I retired in April 2013 after 25 years as a librarian at the British Library specialising in inventions. This included running numerous workshops; writing books on inventions and a work blog; carrying out searches for clients; and one-to-one meetings with inventors. [more]


13 January 2016

Brick-laying robots

Increasingly we are seeing repetitive tasks carried out by workers being replaced by robotics. This can even involve skilled workers, such as bricklayers. Mark Pavic of Western Australia, an aeronautic and mechanical engineer has with a colleague devised a brick-laying machine.

The story is told in a Gizmag story, Brick-laying robot can build a full-sized house in two days. The robot, Hadrian, can lay 1000 bricks an hour. Pavic's brother Mike is CEO of Fastbrick Robotics who intend to launch a commerical version in 2017.

It was as long ago as 2007 hat the world patent application for the concept was published, WO2007/076581. Below is the main drawing.

So, how could you have found such a patent document ? The classification is based on the idea of "manipulators" which could be run together with the word brick* to get a good list of relevant material. B25J9, programme-controlled manipulators, looks particularly attractive.

Once you know of a patent document, you can check to see what happened to it in specific jurisdictions. In this case US8166727 was granted protection in 2012. The pan-European granted document, EP1977058B, was published in 2014, and the documents to do with its allowance are given in the relevant European Register entry.

Anyone wondering at the time if the patents would be allowed could have looked at the prior art as listed by patent examiners -- this is given as "cited documents" on the left hand side of the bibliographic entry for the European A document.  22 are listed for that one. It might be thought logical that all prior art cited is given there, but no, each "also published as" document needs to be clicked on and a fresh window appears. Some countries, such as the USA, do not list cited patents at the initial A stage but only at the granted, B stage.

Just as you can find the prior art by clicking on "cited documents", you can find those that later referred back to the one you know of by clicking on "citing documents". This tells us that none cited the European; but for the US A and also the B document there are 9, and for the original WO document there are 6. You would have to compare the lists to figure out which were on both lists -- they are likely to be particularly significant.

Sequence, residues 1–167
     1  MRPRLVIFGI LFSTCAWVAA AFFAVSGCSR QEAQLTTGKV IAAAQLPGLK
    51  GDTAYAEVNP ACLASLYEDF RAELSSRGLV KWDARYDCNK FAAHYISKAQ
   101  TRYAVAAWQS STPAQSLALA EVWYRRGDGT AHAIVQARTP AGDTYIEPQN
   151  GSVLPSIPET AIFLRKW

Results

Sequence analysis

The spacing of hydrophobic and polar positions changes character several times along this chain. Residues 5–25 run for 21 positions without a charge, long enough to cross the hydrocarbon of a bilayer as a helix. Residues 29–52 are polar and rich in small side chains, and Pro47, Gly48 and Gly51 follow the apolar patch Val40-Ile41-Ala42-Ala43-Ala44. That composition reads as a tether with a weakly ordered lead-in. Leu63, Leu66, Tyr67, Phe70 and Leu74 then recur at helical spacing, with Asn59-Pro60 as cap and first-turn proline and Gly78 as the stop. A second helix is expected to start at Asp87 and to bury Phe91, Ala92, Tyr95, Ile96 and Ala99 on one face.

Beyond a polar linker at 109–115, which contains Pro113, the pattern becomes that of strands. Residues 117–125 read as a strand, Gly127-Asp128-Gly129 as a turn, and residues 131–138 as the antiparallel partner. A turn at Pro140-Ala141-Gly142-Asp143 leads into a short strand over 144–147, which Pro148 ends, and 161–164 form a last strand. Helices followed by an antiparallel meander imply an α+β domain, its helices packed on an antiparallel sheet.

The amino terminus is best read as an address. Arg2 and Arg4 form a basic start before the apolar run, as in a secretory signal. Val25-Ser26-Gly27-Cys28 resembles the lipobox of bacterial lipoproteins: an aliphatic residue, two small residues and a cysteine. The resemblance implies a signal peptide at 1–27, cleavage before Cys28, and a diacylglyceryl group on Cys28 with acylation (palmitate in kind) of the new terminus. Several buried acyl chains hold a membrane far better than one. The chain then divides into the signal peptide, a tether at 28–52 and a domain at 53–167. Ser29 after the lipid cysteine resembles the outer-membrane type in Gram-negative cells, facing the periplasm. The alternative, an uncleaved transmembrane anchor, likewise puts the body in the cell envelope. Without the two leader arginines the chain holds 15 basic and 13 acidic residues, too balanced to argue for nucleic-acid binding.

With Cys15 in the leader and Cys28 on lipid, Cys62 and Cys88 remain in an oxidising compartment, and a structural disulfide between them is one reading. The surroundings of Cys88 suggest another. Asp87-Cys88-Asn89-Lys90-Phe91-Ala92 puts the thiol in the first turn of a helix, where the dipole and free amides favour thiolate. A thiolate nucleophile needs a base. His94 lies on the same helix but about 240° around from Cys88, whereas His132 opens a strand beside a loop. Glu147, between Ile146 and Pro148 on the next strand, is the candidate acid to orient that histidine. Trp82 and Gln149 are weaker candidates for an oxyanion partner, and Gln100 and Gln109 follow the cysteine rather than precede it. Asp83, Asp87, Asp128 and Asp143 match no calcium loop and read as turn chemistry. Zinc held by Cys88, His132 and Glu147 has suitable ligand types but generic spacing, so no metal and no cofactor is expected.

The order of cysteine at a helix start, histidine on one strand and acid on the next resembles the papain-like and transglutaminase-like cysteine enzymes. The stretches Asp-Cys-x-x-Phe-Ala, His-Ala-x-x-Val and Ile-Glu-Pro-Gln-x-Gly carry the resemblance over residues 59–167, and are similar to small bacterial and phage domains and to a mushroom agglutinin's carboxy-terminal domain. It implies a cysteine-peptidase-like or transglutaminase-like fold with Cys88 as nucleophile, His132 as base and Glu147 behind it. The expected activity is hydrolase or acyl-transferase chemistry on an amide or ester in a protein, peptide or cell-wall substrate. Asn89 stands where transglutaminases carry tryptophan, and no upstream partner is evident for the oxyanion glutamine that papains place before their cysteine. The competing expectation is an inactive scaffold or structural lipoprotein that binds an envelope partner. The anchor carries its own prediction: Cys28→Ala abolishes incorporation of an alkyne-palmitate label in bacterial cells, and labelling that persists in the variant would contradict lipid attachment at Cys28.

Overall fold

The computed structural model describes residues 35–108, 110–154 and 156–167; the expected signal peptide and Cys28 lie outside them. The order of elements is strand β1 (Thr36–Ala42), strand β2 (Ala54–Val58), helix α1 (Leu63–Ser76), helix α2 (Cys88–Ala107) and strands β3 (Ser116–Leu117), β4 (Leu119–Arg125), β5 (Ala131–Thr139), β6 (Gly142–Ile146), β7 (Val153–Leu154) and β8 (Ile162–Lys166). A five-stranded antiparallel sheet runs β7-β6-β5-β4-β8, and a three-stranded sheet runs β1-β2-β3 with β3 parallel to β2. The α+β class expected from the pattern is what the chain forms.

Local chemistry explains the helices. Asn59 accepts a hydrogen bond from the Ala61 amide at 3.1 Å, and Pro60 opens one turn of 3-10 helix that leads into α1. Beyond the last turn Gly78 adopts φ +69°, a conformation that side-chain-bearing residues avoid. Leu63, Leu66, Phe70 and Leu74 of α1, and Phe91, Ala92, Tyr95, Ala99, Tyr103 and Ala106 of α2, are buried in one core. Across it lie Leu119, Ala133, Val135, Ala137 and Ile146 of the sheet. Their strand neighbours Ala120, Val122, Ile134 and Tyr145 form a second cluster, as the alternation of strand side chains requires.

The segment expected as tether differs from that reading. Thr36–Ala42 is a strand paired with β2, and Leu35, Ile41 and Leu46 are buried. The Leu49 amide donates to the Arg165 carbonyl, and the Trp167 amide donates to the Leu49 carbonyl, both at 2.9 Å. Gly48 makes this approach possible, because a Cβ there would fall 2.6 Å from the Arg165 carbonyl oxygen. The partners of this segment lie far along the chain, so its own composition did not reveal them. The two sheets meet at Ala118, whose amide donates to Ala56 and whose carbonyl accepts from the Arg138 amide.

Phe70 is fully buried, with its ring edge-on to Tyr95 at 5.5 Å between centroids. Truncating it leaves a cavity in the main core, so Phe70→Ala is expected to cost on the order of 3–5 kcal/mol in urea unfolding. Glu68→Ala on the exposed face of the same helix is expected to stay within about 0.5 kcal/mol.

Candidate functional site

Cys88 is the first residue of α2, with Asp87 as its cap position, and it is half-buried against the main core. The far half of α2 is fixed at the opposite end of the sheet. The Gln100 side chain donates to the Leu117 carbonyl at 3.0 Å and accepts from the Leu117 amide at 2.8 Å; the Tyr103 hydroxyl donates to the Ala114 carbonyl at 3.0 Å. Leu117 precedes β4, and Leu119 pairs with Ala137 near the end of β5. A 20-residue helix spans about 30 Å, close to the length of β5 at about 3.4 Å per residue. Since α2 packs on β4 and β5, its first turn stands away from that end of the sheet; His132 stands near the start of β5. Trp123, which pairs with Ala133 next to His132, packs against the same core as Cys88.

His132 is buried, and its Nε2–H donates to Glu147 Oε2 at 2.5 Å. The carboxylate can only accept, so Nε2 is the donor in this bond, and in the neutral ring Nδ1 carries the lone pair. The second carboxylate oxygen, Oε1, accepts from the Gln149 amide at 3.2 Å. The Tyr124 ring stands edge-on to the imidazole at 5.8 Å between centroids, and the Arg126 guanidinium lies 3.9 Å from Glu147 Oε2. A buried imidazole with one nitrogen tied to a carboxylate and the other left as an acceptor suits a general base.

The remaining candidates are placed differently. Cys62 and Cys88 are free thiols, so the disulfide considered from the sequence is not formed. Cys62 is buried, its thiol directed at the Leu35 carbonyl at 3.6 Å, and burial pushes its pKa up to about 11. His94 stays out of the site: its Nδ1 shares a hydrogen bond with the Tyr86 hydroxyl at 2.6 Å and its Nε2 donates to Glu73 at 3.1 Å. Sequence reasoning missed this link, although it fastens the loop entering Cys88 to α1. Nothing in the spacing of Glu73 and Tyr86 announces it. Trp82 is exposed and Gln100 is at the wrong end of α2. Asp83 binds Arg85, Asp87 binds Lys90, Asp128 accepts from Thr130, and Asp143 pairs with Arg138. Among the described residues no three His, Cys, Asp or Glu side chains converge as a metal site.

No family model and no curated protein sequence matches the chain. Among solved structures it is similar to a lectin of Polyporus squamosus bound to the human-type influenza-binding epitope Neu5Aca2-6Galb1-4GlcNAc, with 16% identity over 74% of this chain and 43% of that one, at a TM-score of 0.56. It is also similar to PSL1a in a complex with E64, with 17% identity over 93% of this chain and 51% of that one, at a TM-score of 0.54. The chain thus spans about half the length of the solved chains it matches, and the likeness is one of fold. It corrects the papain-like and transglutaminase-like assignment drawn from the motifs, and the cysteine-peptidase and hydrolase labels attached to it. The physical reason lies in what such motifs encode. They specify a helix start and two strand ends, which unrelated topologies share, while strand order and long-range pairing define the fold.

Those with specialist knowledge of the area would then have to interpret the results, so long as those who understand the published patent documentation and its associated patent procedure can explain what to look out for and implications. Both are needed. When I worked in the area, it always surprised me how many inventors thought that they could do it all themselves, or just spend 20 minutes or so looking through the patents before committing to thousands of pounds of expenditure and huge amounts of time. Rather like carrying out brain surgery on yourself, perhaps ?

11 January 2016

Unventional: Ideas too good to patent, book review

Some books about inventions are serious and are designed to enlarge knowledge. Some books about inventions inspire.

And then other books are just plain fun. Madcap, even.

Unventional: Ideas too good to patent by Tom Giesler is definitely in the last category, with madcap humour and superb drawings of Rube Goldberg-like (or, in the UK, Heath Robinson) inventions which are just a bit wacky. They are in the same style as many real patent draftsmen working for inventors to show how the inventions work. This is not a coincidence: besides being an artist, Giesler is himself a patent draftsman. And he even lives in California -- isn't that the place where the crazies come from ? (Just kidding, my wife grew up there).

When I was a patent specialist at the British Library, I had to emphasize how serious and important inventions were, and keep a straight face when someone explained a silly idea. No longer ! Freeze-cones, diaper bowls, burger sheaths -- inventions no one is likely to really need are seriously explained, thought through and illustrated here just as much as worthwhile inventions are explained in the Real Thing on numerous databases. It's the sort of book I'd have loved to have written if I had any artistic talent at all.

Below is a delightful, short trailer about the book.

The book can be bought through the Unventional website.